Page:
Boldly Going Pt 7 (Star Trek: Generations, 1994)

ST_Generations_PosterComing only a few months after the Next Generation series came to a close, Generations was to be the film to bridge the original series and the Next Generation.

And there was a hope that it might bring together both crews in an exciting meeting of titans so to speak.

Opening in 2093, the new ship the Excelsior is making it’s maiden flight.  Kirk, Scotty and Chekov are part of the celebration when the ship encounters a distress signal. They beam the inhabitants to their ship, but in an accident, it appears Kirk was killed.

The film jumps to the present (I mean, for the Next Generation Crew) where they are having a celebration. They answer a distress call from a science vessel. There they discover a scientist who claims they were attacked by Romulans.

The scientist wants to get back to his experiment, to the point of attacking the crew.  Picard learns that he is part of the same long lived race as Guinan and he is trying to get to another dimension known as the Nexus. But doing so could be highly destructive. Add to the mix Klingon mercenary sisters who are working with the scientist and things look bad for the Enterprise Crew.

Picard ultimately finds himself alone with the mad scientist on a planet where he must try and stop him…but he finds an ally in a man thought long dead.

To be honest, for a long time I just did not like this film.  I came to realize that this was mainly due to the fact that it was not what I wanted it to be.  Only Picard and Kirk meet. And upon revisiting the film recently, I think I hold this one up a bit higher than in the past.  There are some things I really enjoy.

Everyone is great, but I confess I find Stewart and Spiner to be the MVPs here. Stewart gives real heart to Picard who is suddenly facing a sense that maybe he made the wrong choice in never having a family.

Meanwhile, Data opts to install and activate his emotion chip.  At first, this is mined for humor, with Data recalling jokes from early in the television series and discovering-with joy- that he hates a particular drink. However, he starts to become overwhelmed by his emotions, ultimately becoming paralyzed with fear, leaving Geordi to be taken captive.

They try and up the stakes with the destruction of the Enterprise, which is a pretty exciting crash sequence.

Is Generations the movie a younger me wanted?  No. Is it a better film for not being what the younger me wanted?  Yes.

Meet the New Kids (Toy Story 3, 2010)

Toy_Story_3_PosterWhile Pixar had pushed the Cars franchise at an aggressive rate, their other films had been allowed to remain largely untouched.  In spite of the second film’s success, it was not until 2010 that we saw the third installment of the Toy Story films.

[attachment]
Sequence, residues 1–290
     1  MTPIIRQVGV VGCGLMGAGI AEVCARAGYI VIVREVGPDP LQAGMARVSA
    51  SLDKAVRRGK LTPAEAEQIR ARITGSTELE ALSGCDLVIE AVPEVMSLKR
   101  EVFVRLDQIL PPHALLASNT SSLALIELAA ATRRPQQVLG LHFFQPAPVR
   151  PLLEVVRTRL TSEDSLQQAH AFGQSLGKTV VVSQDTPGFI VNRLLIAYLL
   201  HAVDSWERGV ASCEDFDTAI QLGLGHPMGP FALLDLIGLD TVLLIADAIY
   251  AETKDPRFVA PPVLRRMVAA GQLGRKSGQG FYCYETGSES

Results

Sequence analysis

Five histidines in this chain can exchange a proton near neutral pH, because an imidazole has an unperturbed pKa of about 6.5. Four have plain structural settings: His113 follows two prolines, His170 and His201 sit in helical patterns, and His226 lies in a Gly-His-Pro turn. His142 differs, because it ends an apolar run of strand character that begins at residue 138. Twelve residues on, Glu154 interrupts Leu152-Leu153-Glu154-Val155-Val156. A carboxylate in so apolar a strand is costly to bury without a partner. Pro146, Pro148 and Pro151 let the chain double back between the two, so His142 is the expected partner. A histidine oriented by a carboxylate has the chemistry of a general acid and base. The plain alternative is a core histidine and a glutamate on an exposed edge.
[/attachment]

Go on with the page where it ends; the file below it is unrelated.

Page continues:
This time, we find Andy getting ready for college.  When the toys are accidentally mistaken as trash, they decide to stow away in a box marked for the local daycare center.

Woody promises them it will be terrible, and shortly after they arrive, he tries to sneak out to return to Andy. However, on his way, he is found by young Bonnie, who brings him home.

 

The other toys are greeted by Losto (a stuff bear) and the other toys.  They sell our old friends on what a paradise the daycare is. But the truth is much darker. Lotso is pretty much the Godfather of the joint.  He runs the show and force new toys to be played with by the youngest kids in the daycare…regardless of whether these toys are meant for that age or not.

This is a pretty crazy story, but it works pretty well. Lotso is charming at first, but you learn he has turned dark from rejection.  Meanwhile, his henchman Ken is taken with Barbie. At first she is smitten, but when she discovers what Lotso does to the other toys, she rejects the cushy life Ken offers.

Meanwhile, Woody is also living a good life with Bonnie and her toys, but he wants to return to Andy…and when he finds out the truth about Lotso and the Daycare, he is determined to save the other toys.

The animation in this is pretty terrific and has come far.  Textures, vibrant colors, hair…everything looks great.  And this time around they have opted for a more stylized look to the human characters which is some much more pleasant to watch than the humans of the previous films.

As usual, there is a lot of heart to this film…it is a bit heavy as the toys contemplate death and complete destruction…but still, it really tugs at the heartstrings.

Again, the performances of the voice cast bring this to life in a way a lot of films fail.  Even the stunt casting never feels like a mere stunt.  The performances feel full of care, and everyone delivers.

Somehow, Pixar managed to keep the same quality in three films, avoiding the dreaded failure within the franchise that each announced film brought.  Toy Story three would have been a perfect cap off to the series, really.  You would have had a high quality trilogy.  It is full of love, humor and even grown up fears and emotion.  Toy Story 3 is a great continuation of the Toy Story Series.

 

 

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